In order to call itself “Baby Friendly” a hospital or institution must also adhere to the WHO International Code of Marketing of Breast-milk Substitutes (more on this in the next blog on Indicator 3).

There is clear evidence for better outcomes for babies born in Baby Friendly hospitals – for example, a study in Scotland found that these babies are 28 percent more likely to be exclusively breastfed at 7 days old.

The meaning of Baby Friendly has also evolved over time, and in recent years it has moved beyond the ten steps. In the UK, as well as protecting breastfeeding, the Baby Friendly approach now helps mothers to begin a nurturing relationship with their baby – and this protection applies to all babies, whether or not they are breastfed.

The Baby Friendly Initiative has also moved beyond maternity hospitals. In the UK, it is now possible for university courses, health visitors, children’s centres, and neonatal units to become Baby Friendly accredited.

The World Breastfeeding Trends initiative (WBTi) assessment scores each country out of 5 based on how many Baby Friendly hospitals it has. It needs have more than 89 percent of its hospitals and maternity units accredited to gain the top rating.

The assessment also looks at the quality of the Baby Friendly programme – how comprehensive the training is, whether it monitors hospitals adequately, whether mothers’ experiences are taken into account – for another possible score of 5.

How do you think your local services would score?

More on Indicator 1 – National Policy, Programme and Coordination

Two weeks ago representatives of the key organisations involved in breastfeeding sat round a table to begin the first UK assessment using the World Breastfeeding Trends initiative tool.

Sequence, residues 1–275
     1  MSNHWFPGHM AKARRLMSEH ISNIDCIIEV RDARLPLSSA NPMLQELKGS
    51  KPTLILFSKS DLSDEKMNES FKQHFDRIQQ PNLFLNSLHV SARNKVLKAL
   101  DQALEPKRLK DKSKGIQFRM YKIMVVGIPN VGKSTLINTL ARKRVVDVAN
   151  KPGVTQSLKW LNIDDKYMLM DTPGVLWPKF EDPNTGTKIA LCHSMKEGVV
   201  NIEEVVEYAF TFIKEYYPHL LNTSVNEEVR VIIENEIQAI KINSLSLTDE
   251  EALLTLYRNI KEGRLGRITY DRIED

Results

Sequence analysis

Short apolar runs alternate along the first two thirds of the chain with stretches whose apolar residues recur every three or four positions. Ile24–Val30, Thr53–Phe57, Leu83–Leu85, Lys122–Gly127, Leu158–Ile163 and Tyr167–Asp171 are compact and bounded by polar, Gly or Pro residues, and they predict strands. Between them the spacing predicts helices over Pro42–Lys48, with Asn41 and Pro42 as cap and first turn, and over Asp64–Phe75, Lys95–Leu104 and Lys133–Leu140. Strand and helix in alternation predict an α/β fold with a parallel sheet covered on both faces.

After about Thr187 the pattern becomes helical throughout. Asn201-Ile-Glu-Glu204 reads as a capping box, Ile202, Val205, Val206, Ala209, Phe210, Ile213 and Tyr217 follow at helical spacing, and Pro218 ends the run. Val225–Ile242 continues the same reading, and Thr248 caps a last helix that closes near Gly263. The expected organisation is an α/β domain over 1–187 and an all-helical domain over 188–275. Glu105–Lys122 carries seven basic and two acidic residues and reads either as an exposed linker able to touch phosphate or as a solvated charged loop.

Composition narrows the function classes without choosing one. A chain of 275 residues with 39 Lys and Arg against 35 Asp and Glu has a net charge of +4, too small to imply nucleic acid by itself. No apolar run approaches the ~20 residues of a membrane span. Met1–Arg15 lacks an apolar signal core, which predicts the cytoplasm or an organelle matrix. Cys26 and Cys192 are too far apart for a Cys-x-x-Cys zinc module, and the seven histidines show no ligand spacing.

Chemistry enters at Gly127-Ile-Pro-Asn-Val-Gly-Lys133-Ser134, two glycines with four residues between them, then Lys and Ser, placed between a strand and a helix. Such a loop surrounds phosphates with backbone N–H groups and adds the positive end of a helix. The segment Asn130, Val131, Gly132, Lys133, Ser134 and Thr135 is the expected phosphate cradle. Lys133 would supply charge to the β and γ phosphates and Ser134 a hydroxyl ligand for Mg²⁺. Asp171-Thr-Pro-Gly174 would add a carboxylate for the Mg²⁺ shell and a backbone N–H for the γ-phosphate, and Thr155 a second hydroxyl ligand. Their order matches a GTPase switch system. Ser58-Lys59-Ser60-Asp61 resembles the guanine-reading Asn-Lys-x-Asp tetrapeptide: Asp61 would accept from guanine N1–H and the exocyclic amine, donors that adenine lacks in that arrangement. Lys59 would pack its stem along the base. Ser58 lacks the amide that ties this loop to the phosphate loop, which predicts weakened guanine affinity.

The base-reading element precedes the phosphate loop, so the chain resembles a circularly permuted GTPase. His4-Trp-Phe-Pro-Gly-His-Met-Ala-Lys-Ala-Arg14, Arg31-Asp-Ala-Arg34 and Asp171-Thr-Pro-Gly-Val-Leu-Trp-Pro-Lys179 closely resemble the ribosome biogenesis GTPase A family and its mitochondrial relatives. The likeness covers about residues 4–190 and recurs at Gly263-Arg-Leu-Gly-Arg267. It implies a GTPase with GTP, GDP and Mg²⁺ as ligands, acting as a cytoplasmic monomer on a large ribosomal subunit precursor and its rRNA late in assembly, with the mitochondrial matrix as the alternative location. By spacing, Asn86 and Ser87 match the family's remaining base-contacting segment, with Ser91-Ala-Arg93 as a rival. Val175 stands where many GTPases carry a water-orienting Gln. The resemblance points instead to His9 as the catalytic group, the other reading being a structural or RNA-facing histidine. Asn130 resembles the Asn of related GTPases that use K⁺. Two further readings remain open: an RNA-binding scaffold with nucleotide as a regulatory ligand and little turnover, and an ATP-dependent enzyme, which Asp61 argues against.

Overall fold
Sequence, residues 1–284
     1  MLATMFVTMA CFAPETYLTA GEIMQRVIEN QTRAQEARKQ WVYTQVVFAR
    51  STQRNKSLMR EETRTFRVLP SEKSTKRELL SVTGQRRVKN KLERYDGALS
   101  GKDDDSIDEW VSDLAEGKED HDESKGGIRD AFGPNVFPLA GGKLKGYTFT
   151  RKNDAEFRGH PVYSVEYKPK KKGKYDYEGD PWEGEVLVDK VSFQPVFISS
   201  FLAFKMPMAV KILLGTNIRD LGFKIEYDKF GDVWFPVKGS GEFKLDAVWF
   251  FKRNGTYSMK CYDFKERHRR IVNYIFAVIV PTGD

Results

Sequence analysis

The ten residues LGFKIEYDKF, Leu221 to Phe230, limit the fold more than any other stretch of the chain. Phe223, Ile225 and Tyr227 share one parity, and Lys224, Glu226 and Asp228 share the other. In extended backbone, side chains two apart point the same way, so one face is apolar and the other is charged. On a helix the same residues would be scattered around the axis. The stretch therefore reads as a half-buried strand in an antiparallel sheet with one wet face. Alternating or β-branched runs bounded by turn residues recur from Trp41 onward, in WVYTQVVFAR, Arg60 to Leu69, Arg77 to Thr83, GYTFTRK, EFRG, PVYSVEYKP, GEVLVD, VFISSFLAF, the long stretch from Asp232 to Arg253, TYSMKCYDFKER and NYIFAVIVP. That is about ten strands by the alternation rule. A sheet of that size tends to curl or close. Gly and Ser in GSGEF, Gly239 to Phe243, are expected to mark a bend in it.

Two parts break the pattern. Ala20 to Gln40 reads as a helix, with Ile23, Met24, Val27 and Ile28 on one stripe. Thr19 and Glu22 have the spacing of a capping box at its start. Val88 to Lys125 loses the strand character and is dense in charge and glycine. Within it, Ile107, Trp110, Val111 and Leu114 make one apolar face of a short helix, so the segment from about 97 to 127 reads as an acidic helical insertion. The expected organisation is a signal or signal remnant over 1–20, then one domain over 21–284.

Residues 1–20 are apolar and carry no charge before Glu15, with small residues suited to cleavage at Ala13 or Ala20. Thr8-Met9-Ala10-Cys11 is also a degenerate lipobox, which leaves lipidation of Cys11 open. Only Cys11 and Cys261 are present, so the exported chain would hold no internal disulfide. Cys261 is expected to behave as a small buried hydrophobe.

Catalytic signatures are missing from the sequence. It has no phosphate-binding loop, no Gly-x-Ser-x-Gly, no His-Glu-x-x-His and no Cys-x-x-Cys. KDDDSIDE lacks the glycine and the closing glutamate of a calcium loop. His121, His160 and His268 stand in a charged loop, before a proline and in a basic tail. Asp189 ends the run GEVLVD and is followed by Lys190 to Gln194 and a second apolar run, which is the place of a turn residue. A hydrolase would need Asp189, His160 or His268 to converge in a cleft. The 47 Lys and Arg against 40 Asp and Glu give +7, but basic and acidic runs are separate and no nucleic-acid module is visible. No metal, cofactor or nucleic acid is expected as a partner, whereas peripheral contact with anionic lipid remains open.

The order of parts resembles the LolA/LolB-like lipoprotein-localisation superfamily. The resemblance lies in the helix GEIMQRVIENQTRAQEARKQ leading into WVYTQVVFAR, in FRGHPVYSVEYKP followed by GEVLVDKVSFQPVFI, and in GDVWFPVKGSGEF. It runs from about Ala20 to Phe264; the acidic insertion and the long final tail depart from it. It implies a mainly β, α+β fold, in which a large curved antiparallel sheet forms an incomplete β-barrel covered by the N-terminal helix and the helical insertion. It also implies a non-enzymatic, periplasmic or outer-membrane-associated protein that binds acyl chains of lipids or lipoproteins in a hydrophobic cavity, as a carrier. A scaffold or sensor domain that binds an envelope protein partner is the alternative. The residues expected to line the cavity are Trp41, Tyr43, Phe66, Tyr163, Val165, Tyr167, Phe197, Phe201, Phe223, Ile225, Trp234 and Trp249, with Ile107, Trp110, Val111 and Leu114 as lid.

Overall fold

In the first presentation, this graphic popped up, and a collective “ooh” and then an “aah” went round the room. You may be forgiven for wondering why it generated such a response – it doesn’t look particularly inspiring!

 

gear model
Credit: Pérez-Escamilla et al, Advances in Nutrition, Nov 2012

It’s because this picture demonstrates what happens when there is a strong national strategy on breastfeeding – and also what happens when there isn’t.

In the late 1990s, Brazil made a concerted effort to improve infant health through a drive to increase breastfeeding rates in the country. They put in place legislation to protect mothers, training for health professionals, breastfeeding promotion – along with the money to pay for it all. And they had a national coordinated breastfeeding strategy to make it happen.

At the same time, Mexico had no such national strategy. Half-hearted efforts were made in some areas, such as training for health professionals and public promotion of breastfeeding.

As the graphs show, Brazil was able to significantly increase breastfeeding rates over that period while in Mexico they stagnated.

Without a strong, national, coordinated breastfeeding strategy to drive things forward, everything else is just wheels turning in the wind.

That’s the metaphor – what does this all mean in practice for the UK?

Let’s imagine a mother, who has her baby in a Baby Friendly hospital [1] and breastfeeding gets off to a good start. But then she arrives home and starts to experience some problems. Her health visitor suggests she gives the baby some formula [2]. She’s seen some adverts on television and buys a particular brand of formula because it’s “closer to breastmilk” [3]. She lives in a rural area, and the nearest breastfeeding support group is 10 miles away and she doesn’t drive [4]. Her husband has seen the adverts too so he knows that “good dads do the night feeds” [5]. After a couple of weeks the baby is getting more and more formula and is breastfeeding less and less. Her husband suggests she’s given breastfeeding a good go but maybe she should stop now [7]. She had wanted to breastfeed for longer but she gives up [8].

  1. Indicator 2 of the WBTi asks – are babies born in Baby Friendly hospitals?
  2. Indicator 5 asks – do health professionals have adequate breastfeeding training?
  3. Indicator 3 asks – is the International Code of Marketing of Breastmilk Substitutes fully implemented?
  4. Indicator 6 asks– do all mothers have access to breastfeeding support in the community?
  5. (see Indicator 3)
  6. Indicator 7 asks – do parents have access to good information about breastfeeding and the risks of using formula?
  7. Indicator 12 asks – what percentage of babies are exclusively breastfed for the first six months?